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Aerosol and Cloud Microphysics Group
Atmospheric Physics Branch
Earth Science Division
Last Modified: Jan, 2006
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Cadenza
 Cavity Ring-Down Technology Applied to the Measurement of Aerosol Optical Properties

     Cadenza employs innovative cavity ring-down technology to make in-situ measurement of aerosol extinction and scattering coefficients. The instrument was developed for NASA-Ames Research Center by Picarro, Inc. under SBIR. Cadenza recently flew as part of the Asian Dust Above Monterey (ADAM) and the DOE Aerosol Intensive Operat-Ing Period flight experiments aboard the Naval Research Laboratory Twin-Otter aircraft.

     Cadenza measures extinction at two wavelengths: 675 nm and 1550 nm. An example of Cadenza extinction coefficient measurement is plotted at right. On May 25, 2003 Cadenza sampled this aerosol layer at about 620 mbar (about 12,500 ft altitude) over Oklahoma. It is expected that measurements such as these will help reduce the current uncertainty in estimates of the effect that aerosols have on climate, help pinpoint sources and effects of pollution, and provide valuable data needed for satellite validation.


 • Simultaneous measurement of aerosol extinction and scattering coefficient at 675 nm and extinction at 1550 nm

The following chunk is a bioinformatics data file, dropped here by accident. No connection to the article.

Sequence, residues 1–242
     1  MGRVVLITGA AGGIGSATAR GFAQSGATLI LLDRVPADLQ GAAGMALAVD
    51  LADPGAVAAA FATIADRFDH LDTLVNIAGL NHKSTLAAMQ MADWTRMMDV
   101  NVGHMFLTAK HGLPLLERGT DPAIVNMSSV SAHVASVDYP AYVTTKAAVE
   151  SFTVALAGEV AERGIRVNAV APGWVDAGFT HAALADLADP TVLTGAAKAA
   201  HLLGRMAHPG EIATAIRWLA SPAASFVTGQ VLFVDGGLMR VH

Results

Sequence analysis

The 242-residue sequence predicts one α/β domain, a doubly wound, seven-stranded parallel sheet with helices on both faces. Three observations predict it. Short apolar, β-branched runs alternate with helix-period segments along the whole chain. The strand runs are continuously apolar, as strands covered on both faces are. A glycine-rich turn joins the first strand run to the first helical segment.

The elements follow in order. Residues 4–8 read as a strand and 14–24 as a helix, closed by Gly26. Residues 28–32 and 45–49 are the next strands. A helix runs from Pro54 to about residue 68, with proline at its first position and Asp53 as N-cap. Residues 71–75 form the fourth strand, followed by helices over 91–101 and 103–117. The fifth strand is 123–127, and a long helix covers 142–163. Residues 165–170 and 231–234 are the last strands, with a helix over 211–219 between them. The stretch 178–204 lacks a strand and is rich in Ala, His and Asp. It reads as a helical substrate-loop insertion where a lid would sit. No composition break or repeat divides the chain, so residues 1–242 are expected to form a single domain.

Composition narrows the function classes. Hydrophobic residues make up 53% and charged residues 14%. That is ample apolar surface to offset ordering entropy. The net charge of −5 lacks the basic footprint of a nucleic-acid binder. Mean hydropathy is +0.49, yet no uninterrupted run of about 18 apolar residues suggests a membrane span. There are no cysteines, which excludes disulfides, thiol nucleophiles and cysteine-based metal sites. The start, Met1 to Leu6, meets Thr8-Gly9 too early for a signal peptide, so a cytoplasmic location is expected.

• Derived quantities of Absorption Coefficient and single scattering albedo at 675 nm
 • Employs Continuous Wave Cavity Ring-Down (CW-CRD) technique
 • Accuracy: 1% at 1.0x10-6 m-1 (1.0 Mm-1) for 10 sec sample time
 • Small size: The instrument dimensions are: 19”Wx24”Lx8’H
 • Associated electronics rack: 35” High
 • Weight: 90 kg
 • Developed by Picarro, Inc. and NASA Ames Research Center
 • Applications: studies of visibility, climate forcing by aerosol, and the validation of aerosol retrieval schemes from satellite data.
 • Participation in
   – Reno Aerosol Optics Study, 2002, Lab intercomparison
   – DOE: Aerosol IOP, 2003; flight experiment on Twin Otter
   – Aerosol Dust Above Monterey (ADAM), 2003; flight experiment on Twin Otter
   – Extended MODIS wavelength Validation Experiment, 2004.
   – Caldecott Tunnel Experiment
   – Atmospheric Brown Cloud Post-Monsson Experiment, Maldives, 2004.